Buying real estate for your IRA
If you think that your IRA investments are limited to stocks, bonds and mutual funds, you're wrong. Self-directed IRAs can own real estate, too. Here's what you need to know about investing in property for your retirement account.
What is a self-directed IRA?
Self-directed IRAs, as the name implies, are controlled by you, rather than an account custodian. Banks and brokerage companies, the most typical IRA account custodians, limit your choices to things like certificates of deposit, mutual funds, stocks, annuities and other products that they earn commissions on. But if you want to take control and open up more kinds of investments, you need a custodian that allows self-directed IRAs.
Many types of IRAs can be converted to self-directed accounts including Traditional IRAs, Sep IRAs, Roth IRAs, 401(k)s, 403(b)s, Coverdell Education Savings (ESA), Qualified Annuities, Profit Sharing Plans, Money Purchase Plans, Government Eligible Deferred Compensation Plans and Keoghs.
Although this article focuses on real estate investing, self-directed IRAs can invest in trust deeds, franchises, secured and unsecured notes, limited partnerships, private stock and other nontraditional investments -- even race horses! You can search online and find dozens of companies that handle these types of investments.
Now for the real estate part
Most folks buy income-generating rental property for their IRAs, and some choose to convert a rental to their primary home once they retire. Note: your custodian is a neutral party; it can't advise you about what property to buy, so you'll have to do your own due diligence. A skilled real estate agent, attorney and perhaps an accountant or finance pro can be helpful here. If you want extra help, there are companies that specialize in finding real estate for retirement investing. If you plan to buy and flip properties in your IRA, an IRA LLC (absolutely get an attorney to set this up for you) can facilitate the frequent buying and selling of properties, and even allow you to add and subtract investment partners.
A mortgage on the IRA property
If you need to finance your income property, the mortgage must be a non-recourse loan. That means the lender must not be able to go after you and your assets in the event of a default when the sale of the property doesn't cover the entire outstanding balance. Many states require that mortgages on primary residences be non-recourse; that doesn't generally apply to mortgages on investment property. You can find such financing by asking mortgage lenders for non-recourse IRA loans. You should understand that the mortgage rates on these loans will likely be higher than current mortgage rates for traditional purchases.
In addition, you can't use any non-IRA funds to close on the mortgage -- it is absolutely illegal to co-mingle any of your non-IRA money with IRA account funds or assets. Finally, beware of adjustable rate mortgages -- if your mortgage payment makes an unexpected jump, your account could end up short of funds and in trouble. A fixed-rate mortgage is a far safer option when investing for your retirement.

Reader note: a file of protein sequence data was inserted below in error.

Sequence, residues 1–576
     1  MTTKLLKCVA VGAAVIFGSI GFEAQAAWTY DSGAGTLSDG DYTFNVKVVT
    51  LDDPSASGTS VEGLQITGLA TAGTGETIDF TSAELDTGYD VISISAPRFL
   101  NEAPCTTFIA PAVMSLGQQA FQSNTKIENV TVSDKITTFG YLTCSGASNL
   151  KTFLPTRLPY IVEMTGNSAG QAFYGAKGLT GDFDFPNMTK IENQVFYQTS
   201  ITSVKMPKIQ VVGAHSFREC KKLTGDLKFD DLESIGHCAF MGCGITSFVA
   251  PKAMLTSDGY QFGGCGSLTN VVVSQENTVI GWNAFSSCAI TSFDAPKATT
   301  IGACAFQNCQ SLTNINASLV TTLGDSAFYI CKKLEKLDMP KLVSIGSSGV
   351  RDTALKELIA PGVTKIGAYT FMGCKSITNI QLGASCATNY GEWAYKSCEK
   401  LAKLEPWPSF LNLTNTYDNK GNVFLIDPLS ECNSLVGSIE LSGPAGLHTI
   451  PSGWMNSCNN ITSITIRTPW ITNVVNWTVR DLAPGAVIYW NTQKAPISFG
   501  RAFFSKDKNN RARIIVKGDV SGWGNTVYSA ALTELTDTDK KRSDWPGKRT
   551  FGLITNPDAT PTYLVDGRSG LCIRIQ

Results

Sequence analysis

Rules, rules, rules!
Rules governing these accounts must be followed to the letter or you could find yourself paying very stiff penalties. For example, you can use your self-directed IRA to buy your future retirement home, but you can't live in the home until you retire. You also cannot move property that you already own into your IRA. If you purchase an asset like a vacation home for your IRA, you can't use it for your own personal benefit. This is called self-dealing and could kill all the profit in your IRA. For example, if an investor took $100,000 from a $1 million IRA to buy land with a rental cabin on it, then took some business partners hunting or fishing on the property, he'd be guilty of self-dealing. The IRS may find out (say he or his partners write off the hunting trip), and then the entire IRA, not just the $100,000 investment in the property, is considered "distributed." That means if you're under 59 1/2, the money gets taxed as ordinary income plus a 10 percent penalty is collected.
Here are additional examples of prohibited transactions:
- Renting IRA-owned property to family members or a spouse
- Lending IRA cash at a below-market rate to a friend
- Paying yourself from income derived from an IRA investment
- Personally guaranteeing a loan on an IRA asset
To take advantage of the IRA's tax benefits and avoid costly penalties, you must be sure that there is enough in your account to take care of the expenses that come with owning rental property. Taxes, maintenance, management fees and other expenses must come from funds that are in the IRA. Likewise, all income must stay in the IRA account. Make sure there is enough cash in the account to cover expenses when your tenants move out and have not yet been replaced by new ones. Mortgage lenders generally agree that you should have access to at least six months of expenses for each rental property you own.
Understand the risks
Those with self-directed IRAs can make a lot more money on their investments than those who play it safe. But real estate, as anyone who hasn't been hiding under a rock during the last three years knows, is far from fool-proof as an investment. If investing in property will tie up the majority of your IRA, you could find yourself dangerously under-diversified.
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